Rookies Connected: Interpersonal Relationships Among Newcomers, Newcomer Adjustment Processes, and Socialization Outcomes

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Journal of Applied Psychology

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How do relationships among newcomers in the same cohort impact how quickly they develop clear understandings of their new roles and, ultimately, key socialization outcomes? We study newcomers' relationships with cohort members in the same unit (i.e., intra-unit relationships) and those in different units (i.e., inter-unit relationships). While organizations invest substantial time and resources in promoting broad networking among newcomers, we offer a theoretical and empirical account of how too many connections among fellow newcomers early in the socialization process can slow their adjustment-namely, their growth in role clarity. In Study 1, we surveyed 189 newcomers in an international conglomerate from their orientations through their first 4 months and linked responses to 3 years of their job performance and turnover records. After controlling for the initial level of role clarity, we found an inverted U-shaped relationship between newcomers' intra-unit peer connections and growth in role clarity, whereas their inter-unit peer connections did not significantly relate to growth in role clarity. Growth in role clarity positively related to subsequent newcomers' job satisfaction and job performance, which were then negatively related to turnover. Study 2's results indicated that sensemaking with fellow newcomers operated as a key mechanism linking the nonlinear relationships between intra-unit newcomer-newcomer relationships and growth in role clarity. (PsycInfo Database Record (c) 2021 APA, all rights reserved).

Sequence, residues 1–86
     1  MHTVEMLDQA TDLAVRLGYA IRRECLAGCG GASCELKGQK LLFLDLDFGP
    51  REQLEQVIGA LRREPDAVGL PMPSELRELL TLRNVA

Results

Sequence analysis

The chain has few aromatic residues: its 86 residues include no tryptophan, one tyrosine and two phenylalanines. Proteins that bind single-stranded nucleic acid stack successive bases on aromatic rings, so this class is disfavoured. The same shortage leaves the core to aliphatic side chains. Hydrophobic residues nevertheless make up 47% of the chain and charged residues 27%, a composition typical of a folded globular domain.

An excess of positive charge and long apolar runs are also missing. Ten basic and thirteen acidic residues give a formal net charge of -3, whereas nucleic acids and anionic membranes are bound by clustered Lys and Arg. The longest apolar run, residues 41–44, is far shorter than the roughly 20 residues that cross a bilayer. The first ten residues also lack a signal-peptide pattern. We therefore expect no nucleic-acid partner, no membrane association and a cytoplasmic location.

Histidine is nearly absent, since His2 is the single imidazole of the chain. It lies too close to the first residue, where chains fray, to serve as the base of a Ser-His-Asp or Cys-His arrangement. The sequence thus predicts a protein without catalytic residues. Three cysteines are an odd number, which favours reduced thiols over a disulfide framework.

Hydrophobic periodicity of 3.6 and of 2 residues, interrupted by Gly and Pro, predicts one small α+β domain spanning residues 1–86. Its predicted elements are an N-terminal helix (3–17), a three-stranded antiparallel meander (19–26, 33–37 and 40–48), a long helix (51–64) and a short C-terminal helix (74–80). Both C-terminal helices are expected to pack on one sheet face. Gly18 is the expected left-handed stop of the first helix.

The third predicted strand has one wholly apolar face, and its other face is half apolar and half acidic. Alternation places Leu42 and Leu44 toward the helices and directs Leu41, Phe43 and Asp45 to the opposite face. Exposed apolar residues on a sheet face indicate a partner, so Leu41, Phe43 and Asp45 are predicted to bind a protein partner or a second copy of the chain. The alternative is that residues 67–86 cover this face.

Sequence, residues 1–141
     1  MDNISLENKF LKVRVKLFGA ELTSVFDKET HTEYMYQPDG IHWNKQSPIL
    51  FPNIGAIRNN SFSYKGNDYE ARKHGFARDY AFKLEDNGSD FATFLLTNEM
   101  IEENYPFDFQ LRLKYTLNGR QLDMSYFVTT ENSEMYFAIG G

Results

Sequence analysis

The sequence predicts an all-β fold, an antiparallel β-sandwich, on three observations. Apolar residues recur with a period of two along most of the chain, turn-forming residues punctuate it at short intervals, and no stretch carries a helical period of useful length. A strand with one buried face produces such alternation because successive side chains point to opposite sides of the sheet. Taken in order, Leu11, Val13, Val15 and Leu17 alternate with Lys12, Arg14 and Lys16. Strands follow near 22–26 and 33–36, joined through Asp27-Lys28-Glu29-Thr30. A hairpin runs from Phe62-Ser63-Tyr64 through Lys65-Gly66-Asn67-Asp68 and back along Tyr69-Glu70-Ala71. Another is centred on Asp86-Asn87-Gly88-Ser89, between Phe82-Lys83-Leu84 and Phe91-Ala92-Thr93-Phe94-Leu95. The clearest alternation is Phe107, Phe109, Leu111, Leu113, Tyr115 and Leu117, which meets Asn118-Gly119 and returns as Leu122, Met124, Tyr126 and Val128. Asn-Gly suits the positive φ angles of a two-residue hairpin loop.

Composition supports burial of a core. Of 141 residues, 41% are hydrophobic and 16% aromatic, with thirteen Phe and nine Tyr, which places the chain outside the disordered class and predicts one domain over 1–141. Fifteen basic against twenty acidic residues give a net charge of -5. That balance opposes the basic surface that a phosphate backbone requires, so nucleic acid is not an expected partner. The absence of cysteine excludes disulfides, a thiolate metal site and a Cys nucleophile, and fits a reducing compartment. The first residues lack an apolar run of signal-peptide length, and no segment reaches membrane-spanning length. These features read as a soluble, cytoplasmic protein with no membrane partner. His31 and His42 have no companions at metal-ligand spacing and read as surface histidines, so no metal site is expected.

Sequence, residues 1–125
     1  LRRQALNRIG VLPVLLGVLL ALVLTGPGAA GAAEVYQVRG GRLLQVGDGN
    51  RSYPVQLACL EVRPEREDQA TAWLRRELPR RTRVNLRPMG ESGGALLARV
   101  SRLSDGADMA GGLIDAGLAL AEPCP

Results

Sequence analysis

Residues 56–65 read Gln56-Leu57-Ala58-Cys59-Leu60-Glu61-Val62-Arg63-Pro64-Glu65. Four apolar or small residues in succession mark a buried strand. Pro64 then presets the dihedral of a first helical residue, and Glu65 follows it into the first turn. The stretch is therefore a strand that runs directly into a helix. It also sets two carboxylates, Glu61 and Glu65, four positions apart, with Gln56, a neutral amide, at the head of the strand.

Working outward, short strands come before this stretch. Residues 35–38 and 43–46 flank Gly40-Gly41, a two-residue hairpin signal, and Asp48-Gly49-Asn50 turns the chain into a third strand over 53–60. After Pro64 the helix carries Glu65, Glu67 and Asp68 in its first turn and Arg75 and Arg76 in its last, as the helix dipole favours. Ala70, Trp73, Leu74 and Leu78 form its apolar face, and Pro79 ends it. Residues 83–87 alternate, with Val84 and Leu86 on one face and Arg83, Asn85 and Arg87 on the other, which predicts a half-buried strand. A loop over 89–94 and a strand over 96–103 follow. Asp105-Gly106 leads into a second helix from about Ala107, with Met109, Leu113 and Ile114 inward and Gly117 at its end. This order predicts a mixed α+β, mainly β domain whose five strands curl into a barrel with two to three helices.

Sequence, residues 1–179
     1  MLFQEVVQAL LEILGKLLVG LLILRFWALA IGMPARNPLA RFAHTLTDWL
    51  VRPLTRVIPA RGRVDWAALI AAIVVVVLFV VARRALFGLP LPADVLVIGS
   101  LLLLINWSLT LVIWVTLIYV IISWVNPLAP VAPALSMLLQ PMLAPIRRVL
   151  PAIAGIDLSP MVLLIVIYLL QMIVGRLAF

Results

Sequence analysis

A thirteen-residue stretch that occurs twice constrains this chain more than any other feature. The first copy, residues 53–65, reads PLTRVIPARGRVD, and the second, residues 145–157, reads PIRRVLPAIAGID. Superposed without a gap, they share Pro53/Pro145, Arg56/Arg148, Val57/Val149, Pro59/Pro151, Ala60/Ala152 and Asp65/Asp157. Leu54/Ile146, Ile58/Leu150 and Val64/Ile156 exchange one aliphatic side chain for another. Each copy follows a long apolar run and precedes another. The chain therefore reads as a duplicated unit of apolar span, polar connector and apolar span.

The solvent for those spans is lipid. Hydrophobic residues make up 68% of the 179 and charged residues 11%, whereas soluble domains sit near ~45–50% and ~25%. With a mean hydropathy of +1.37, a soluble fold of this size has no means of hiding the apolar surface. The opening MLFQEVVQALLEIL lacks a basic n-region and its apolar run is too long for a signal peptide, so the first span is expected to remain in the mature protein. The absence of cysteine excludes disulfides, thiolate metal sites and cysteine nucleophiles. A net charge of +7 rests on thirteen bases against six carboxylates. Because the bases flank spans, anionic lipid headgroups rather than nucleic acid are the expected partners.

American Psychological Association (APA)


Social and Behavioral Sciences

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Open Access